You say a syllable or a word is stressed when it is said louder or longer than the rest.

Stress is studied in two levels:

  • Word level; and
  • Sentence level.

Stress at the Word Level

A part of a certain word when said louder or longer then it is stressed.

Rules of Word Stress

  1. For two-syllable nouns and adjectives, stress the first, for example

Cloudy carton table

  1. For verbs with two syllables and prepositions, emphasize the second syllable, for example
  2. Words with three syllables.
  • Those ending in –er, -ly, emphasis put on the first syllable, for example,
  • Stress the first, for those ending in consonants and in –y, for example,
  • Stress the last syllable if the word ends in –ee, -ese, -eer, -ique, -ette, for example,
  • Look at the ones with the suffixes below, where stress is placed on the second,

-ary: library

Cial: judicial, commercial

-cian: musician, clinician

-tal : capital, recital

Stress is important in studying the heteronyms. A pair, or group of words is referred to as heteronym when those words are spelled the same way but have different pronunciation and meaning. We have two main categories of heteronyms:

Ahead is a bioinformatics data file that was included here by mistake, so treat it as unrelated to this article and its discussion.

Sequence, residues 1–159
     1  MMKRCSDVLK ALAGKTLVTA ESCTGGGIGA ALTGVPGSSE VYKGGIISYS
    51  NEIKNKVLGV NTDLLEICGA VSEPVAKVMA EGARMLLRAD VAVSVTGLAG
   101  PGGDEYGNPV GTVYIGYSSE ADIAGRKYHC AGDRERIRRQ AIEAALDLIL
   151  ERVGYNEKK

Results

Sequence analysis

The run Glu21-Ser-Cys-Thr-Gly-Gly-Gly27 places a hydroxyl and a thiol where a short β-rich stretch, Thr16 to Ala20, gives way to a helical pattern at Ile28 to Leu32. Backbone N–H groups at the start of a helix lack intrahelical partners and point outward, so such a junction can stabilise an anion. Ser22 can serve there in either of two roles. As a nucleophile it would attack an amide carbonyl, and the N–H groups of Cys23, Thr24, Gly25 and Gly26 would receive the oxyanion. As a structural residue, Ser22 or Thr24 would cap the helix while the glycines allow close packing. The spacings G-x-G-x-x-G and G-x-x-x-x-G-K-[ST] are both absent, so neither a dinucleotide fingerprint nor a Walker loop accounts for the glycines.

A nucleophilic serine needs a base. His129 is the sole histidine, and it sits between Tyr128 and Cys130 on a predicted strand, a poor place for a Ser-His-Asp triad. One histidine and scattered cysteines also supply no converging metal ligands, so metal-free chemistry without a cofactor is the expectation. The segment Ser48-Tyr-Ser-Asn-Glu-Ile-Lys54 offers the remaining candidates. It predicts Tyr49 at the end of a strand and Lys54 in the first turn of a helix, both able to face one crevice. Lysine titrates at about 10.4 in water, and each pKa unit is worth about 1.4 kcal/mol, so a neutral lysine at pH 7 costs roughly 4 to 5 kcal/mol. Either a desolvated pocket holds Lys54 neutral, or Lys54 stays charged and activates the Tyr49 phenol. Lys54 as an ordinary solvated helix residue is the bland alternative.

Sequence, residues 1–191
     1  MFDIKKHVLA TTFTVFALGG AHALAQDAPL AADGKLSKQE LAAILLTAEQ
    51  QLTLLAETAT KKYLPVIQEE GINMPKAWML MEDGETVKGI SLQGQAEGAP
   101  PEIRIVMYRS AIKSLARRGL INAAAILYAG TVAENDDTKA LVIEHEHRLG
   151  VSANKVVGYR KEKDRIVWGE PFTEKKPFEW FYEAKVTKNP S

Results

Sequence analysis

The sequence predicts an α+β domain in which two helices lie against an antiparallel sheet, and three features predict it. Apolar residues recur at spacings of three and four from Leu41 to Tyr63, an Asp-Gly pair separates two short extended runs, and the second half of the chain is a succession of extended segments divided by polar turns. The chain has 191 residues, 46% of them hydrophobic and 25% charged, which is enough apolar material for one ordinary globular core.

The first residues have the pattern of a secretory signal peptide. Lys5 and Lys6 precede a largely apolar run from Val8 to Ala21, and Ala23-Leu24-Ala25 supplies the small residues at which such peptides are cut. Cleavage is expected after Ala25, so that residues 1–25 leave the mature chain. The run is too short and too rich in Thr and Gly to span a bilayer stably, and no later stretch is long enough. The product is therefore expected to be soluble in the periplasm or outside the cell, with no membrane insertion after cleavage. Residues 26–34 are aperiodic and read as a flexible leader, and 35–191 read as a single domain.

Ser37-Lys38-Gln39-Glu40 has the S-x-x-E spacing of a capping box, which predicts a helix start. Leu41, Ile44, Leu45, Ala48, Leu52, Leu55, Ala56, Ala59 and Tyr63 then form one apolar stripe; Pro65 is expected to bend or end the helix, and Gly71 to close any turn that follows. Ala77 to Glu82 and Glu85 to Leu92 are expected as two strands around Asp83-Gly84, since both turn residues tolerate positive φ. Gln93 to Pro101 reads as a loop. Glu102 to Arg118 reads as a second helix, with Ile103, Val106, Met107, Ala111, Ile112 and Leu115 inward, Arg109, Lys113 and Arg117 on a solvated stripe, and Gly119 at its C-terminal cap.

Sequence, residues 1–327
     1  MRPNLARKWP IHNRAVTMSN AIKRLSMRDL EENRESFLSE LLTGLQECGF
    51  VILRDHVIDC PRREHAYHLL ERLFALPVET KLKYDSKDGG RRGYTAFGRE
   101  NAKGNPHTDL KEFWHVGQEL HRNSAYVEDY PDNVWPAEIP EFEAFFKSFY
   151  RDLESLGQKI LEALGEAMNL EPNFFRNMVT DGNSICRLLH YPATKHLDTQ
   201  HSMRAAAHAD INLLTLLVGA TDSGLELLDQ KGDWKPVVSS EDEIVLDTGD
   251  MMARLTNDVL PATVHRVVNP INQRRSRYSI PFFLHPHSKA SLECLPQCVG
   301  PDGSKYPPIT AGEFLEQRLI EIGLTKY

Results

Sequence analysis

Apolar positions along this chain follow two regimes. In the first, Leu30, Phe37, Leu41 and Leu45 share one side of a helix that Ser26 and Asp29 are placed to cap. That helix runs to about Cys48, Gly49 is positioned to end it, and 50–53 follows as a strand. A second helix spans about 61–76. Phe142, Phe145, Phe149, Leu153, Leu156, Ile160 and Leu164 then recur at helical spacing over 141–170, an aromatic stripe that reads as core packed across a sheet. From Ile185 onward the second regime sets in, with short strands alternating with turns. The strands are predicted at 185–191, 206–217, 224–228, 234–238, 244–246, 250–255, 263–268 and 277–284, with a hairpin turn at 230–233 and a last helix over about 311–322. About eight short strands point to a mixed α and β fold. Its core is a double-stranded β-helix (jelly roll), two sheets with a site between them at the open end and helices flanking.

• Noun- verb pairs; and
  • Verb -and-adjective pairs.

We stress the first syllable if noun and the second if verb.

Examples of noun-and-verb pairs are included in the table below:


In sentences;

  • Many factories produce the produce we import.
  • Allan became a convert after deciding to convert to Christianity.

Sentence Stress

Sentence stress is accent on certain words within a sentence.

Most sentences have two basic word types:

  • Content words which are the key words carrying the sense or meaning- message.
  • Structure words which just make the sentence grammatically correct. They give the sentence its structure.

Look at the sentence below:

Buy milk feeling tired.

Though the sentence is incomplete, you will probably understand the message in it. The four words are the content words. Verbs, nouns, adjectives, are content words.